In the early 1980s, Daryl created the Sport Education model, and published his first book on the subject, Sport Education, in 1994. He consulted in the 1980s with the New Ministry of Education in New Zealand as they introduced Sport Education as a cornerstone of their physical education curriculum. He is also the author of several books on physical education, curriculum planning, and sport coaching. In recognition of his scholarly contributions, Daryl was elected a Fellow of the American Academy of Physical Education in 1979 (later to be the National Academy of Kinesiology). He earned the 1984 International Olympic Committee President’s Award (Samaranch Award), which is the highest honor for work in sport pedagogy.

He was a highly sought-after and respected international keynote speaker and received numerous awards, including the Distinguished Alumni Award from Hope College (1991) and Indiana University (1995); the Curriculum and Instruction Academy Honor Award from the National Association for Sport and Physical Education (NASPE) in 1994; the Alliance Scholar Award (1994) and C.H. McCloy Honor Award (1998) from American Alliance for Physical Education, Recreation and Dance (AAHPERD); induction into NASPE’s Hall of Fame in 2006; the Clarke W. Hetherington Award (2008); and AAHPERD’s highest honor, the Luther H. Gulick Award, in 2010.

Daryl retired from OSU in 2001 and was the recipient of the Ohio State Hall of Fame Award in 2006, a highlight for him, given his passion for and commitment to Ohio State over many decades. And in 2011, Hope College presented Daryl (as well as his brother Sir Larry Siedentop) with honorary doctoral degrees as alumni.

The countless awards and recognitions for Daryl’s achievements and accomplishments in the academy are a clear reflection of the impact he had on the field of physical education. He should, however, also be remembered for other aspects of his life. First, there was his boundless passion and love of sport. While never deifying it, he saw its value and importance as something that deserves to be preserved, supported, and enhanced. Second was the care and commitment he showed to his many students, colleagues, and friends. He managed to impact their scholarly practice and thinking in ways they could have never imagined before they met Daryl. His preference was always for quiet conversations about ideas, away from the crowds that invariably gathered around him. Those who were privileged to spend time with Daryl are left saddened by his passing.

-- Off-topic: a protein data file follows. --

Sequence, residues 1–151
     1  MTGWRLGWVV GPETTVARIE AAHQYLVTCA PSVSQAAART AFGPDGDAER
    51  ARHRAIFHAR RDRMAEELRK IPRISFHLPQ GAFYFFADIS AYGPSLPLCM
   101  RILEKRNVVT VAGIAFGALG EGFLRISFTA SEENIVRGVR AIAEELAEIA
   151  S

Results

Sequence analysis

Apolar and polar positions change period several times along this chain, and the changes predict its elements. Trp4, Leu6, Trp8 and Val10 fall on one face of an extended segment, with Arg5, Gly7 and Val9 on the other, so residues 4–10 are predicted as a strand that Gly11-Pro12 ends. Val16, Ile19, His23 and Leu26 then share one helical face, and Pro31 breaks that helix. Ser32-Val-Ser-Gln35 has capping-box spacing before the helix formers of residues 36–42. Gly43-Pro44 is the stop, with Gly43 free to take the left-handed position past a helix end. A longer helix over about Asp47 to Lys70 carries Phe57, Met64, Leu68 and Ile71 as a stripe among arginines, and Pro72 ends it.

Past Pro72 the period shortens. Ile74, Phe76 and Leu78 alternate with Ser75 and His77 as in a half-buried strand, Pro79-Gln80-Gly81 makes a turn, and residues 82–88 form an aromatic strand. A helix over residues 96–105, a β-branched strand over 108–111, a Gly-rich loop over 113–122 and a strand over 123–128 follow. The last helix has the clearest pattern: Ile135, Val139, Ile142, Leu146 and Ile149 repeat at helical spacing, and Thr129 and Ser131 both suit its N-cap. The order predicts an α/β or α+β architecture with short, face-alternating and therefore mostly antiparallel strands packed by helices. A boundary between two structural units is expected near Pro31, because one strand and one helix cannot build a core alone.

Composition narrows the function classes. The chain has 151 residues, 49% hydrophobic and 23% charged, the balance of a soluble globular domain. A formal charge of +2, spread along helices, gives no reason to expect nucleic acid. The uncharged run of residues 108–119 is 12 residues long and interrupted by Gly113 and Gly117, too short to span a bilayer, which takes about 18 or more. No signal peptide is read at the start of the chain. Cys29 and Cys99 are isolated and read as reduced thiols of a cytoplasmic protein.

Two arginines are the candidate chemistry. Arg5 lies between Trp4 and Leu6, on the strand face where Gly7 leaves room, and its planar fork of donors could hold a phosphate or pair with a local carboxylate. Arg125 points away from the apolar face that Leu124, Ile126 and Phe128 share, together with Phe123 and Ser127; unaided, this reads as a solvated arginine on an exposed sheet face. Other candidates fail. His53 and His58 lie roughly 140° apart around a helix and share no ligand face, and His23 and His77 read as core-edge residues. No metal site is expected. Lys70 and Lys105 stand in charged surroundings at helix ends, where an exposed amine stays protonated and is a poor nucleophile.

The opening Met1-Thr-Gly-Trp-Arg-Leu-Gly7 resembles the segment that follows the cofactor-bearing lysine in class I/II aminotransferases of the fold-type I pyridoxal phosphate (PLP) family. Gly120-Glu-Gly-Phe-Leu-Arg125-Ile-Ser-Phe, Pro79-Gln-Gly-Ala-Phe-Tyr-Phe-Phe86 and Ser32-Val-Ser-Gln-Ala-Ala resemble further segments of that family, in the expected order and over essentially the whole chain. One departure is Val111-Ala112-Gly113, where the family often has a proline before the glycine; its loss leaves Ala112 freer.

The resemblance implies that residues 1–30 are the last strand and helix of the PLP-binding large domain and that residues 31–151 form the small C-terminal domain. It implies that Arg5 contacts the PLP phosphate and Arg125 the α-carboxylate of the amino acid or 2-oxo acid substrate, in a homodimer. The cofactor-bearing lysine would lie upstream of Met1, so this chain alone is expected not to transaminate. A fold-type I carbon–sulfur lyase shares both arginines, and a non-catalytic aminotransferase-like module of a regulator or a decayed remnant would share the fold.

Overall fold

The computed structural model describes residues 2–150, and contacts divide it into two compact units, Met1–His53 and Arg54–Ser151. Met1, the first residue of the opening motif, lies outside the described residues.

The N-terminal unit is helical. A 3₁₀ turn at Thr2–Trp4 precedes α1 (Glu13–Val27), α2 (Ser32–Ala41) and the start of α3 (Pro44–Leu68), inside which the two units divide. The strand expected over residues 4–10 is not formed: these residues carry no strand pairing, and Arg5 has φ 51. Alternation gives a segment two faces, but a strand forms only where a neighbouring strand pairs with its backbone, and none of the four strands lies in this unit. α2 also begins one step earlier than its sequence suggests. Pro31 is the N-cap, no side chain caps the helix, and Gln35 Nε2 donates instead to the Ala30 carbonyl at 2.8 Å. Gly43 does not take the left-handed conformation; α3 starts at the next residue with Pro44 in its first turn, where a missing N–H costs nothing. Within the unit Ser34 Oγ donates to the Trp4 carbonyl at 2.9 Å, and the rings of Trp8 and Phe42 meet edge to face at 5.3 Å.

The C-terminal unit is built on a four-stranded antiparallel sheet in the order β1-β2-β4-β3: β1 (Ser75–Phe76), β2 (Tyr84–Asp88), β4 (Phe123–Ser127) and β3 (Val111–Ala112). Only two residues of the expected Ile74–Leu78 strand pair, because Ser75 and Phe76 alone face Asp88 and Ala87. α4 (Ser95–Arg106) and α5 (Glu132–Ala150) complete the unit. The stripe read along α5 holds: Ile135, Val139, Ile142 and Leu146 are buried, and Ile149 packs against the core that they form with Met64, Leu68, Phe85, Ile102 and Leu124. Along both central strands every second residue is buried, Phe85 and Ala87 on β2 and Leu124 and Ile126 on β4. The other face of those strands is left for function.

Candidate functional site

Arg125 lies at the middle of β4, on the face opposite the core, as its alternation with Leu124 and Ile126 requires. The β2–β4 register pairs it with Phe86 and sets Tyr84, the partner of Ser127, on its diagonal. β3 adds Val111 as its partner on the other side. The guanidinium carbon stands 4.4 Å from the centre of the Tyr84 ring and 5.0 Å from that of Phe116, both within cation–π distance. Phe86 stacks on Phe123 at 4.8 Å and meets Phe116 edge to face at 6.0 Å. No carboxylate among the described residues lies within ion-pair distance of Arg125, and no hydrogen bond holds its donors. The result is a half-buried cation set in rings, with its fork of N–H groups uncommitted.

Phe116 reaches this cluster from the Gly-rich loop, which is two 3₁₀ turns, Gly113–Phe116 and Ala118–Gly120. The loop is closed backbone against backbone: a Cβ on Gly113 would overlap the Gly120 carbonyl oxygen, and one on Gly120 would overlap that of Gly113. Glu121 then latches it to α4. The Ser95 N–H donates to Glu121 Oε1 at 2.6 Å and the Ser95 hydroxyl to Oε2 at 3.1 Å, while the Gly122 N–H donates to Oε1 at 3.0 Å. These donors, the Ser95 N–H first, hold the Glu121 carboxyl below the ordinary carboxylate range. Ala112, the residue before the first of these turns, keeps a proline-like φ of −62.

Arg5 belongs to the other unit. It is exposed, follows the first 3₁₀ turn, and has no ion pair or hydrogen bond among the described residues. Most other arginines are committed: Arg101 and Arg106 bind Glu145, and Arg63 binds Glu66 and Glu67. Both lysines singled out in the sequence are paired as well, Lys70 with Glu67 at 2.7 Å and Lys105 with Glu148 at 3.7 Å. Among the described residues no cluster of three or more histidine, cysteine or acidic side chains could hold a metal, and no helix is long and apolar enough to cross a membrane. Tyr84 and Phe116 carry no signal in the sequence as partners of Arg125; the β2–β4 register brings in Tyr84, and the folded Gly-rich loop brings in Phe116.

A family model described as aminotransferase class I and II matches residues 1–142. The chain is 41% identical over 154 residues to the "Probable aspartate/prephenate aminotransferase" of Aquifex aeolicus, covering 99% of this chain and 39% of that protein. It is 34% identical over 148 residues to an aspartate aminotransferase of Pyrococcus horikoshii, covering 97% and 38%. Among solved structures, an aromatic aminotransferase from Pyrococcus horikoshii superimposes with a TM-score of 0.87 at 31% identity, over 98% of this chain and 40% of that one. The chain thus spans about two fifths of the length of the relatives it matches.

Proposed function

A Tribute Wall can be found at the following website: https://www.schoedinger.com/obituaries/Daryl-Siedentop/

Carol Gordon photo

Dr. Carol E. Gordon of Pullman, WA, passed away peacefully on May 29, 2021 at the age of 95 at Bishop Place. Carol was born in Lynn, Massachusetts, and, following her mother’s death during childbirth, was raised in Goffstown, NH by her grandparents, Charles and Isabella Ray, and her aunt Carolyn Worden. Carol enjoyed tagging along with Grandpa Charlie as their horse Chubby pulled the butcher cart along the delivery route. Her grandparents on the Gordon side owned a nearby apple orchard, and she was the chief of a crew of her childhood friends that her grandfather swore was the best crew of apple pickers he’d ever had. Carol was a violinist in her high school orchestra, and played on the girls’ basketball team, dismaying opposing teams with the accuracy of her two-handed set shot.

After graduating from Goffstown High School as the class valedictorian, she attended Oberlin College, graduating Phi Beta Kappa in 1948. Carol taught in the physical education department at the University of New Hampshire from 1948-1954, and then attended the University of Utah where she chaired the Division of Physical Education for Women while earning her Ph.D. in Educational/ Counseling Psychology. In 1961, she completed her Ph.D. and was also named Faculty Woman of the Year. During those years at Utah, Carol took every opportunity to enjoy her remarkable downhill skiing skills on the slopes at Alta. From Utah, she moved on to Washington State University to serve as professor and chair of the Department of Physical Education for Women, a position she held from 1962 until her retirement in 1983. Carol’s teaching specialty was sport psychology, and in 1968 she was honored as the WSU Faculty Woman of the Year. She chaired the committee that oversaw the design and construction of WSU’s Physical Education Building. She also coached the women’s field hockey and tennis teams until 1966, and served as the Director of Athletics for Women from 1962-1975. Carol was inducted into the WSU Athletics Hall of Fame in 2004.